Recently, someone asked my thoughts on racial segregation in the US church on Sunday mornings: “How will we ever move forward together, as a unified church, if people of color don’t forgive us for the past?”
As women we should be encouraged. We may be soft on the outside, but we’re strong and mighty in spirit. We are God’s secret weapons and the enemy knows it. He takes us seriously, even when others don’t. The enemy’s strategy has been to keep us quiet and in hiding. But God is doing an end run. He is going to release so many of us at once that the enemy is not going to know what hit him!
My unapologetic reason for writing this article is to call you to action. Elsewhere I have written about what I call “dangerous women,” women willing to engage with the needs of the world, women willing to be healers of wounds and righters of wrongs.
The doctrine of the fall of humanity is easy to verify — all we have to do is pay attention to the news. Injustice is easy to spot, both blatantly and subtly, in institutions such as the Church, government, corporations, families, and my own field, Christian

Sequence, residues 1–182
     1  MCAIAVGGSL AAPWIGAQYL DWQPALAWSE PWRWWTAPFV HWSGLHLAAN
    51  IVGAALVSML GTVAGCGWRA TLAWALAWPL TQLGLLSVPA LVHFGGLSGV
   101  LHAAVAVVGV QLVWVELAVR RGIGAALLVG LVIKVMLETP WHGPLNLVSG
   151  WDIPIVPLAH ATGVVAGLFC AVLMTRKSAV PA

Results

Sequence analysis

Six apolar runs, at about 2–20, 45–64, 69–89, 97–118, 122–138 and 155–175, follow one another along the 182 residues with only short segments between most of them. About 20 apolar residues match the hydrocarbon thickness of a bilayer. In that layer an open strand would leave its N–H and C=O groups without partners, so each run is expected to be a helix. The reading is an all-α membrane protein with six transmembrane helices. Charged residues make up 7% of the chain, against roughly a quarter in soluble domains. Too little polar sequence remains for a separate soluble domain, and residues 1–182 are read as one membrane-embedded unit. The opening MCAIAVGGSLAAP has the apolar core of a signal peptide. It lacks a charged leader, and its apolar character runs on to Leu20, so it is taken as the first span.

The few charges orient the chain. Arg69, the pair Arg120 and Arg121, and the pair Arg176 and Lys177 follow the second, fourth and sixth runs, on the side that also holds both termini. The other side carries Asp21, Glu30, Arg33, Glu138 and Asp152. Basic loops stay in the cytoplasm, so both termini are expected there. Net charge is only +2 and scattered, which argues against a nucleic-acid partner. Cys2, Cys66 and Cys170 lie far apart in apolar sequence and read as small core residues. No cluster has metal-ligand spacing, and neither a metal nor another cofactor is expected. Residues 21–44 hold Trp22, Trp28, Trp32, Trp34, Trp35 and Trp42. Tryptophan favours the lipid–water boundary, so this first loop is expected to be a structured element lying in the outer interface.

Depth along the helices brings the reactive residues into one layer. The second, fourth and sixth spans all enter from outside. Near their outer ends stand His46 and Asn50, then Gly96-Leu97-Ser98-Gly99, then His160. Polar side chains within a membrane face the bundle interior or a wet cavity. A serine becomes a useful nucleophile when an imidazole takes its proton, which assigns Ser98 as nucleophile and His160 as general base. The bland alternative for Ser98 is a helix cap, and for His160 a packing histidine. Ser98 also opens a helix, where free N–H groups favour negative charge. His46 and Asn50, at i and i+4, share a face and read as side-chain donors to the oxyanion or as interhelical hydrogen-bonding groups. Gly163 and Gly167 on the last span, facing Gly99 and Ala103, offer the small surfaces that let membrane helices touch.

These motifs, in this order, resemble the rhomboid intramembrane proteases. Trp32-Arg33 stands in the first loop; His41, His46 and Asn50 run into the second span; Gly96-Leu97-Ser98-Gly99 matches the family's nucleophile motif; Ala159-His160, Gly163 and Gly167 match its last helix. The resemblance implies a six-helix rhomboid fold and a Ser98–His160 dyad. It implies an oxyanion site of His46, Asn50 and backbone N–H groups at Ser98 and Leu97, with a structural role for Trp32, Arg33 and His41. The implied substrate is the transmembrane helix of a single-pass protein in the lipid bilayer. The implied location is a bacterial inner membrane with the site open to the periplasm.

At its best, the Church preaches new birth, has women in positions of pastoral leadership, believes children and youth can advance the Kingdom, is multicultural, and sees social justice as essential to true missions.
Secular feminism and Christian faith view many key issues of morality and identity very differently. But those differences do not preclude the possibility of finding significant areas of common ground.
According to Scripture, each one of us is a priest charged with the responsibility of offering up spiritual sacrifices and proclaiming the excellencies of Christ (1 Peter 2:9). The tragedy in the Christian community is that our pattern of limiting up-front communication to men while women labor in relative silence and subordination behind the scenes has obscured the fact that together women and men are a community of priests.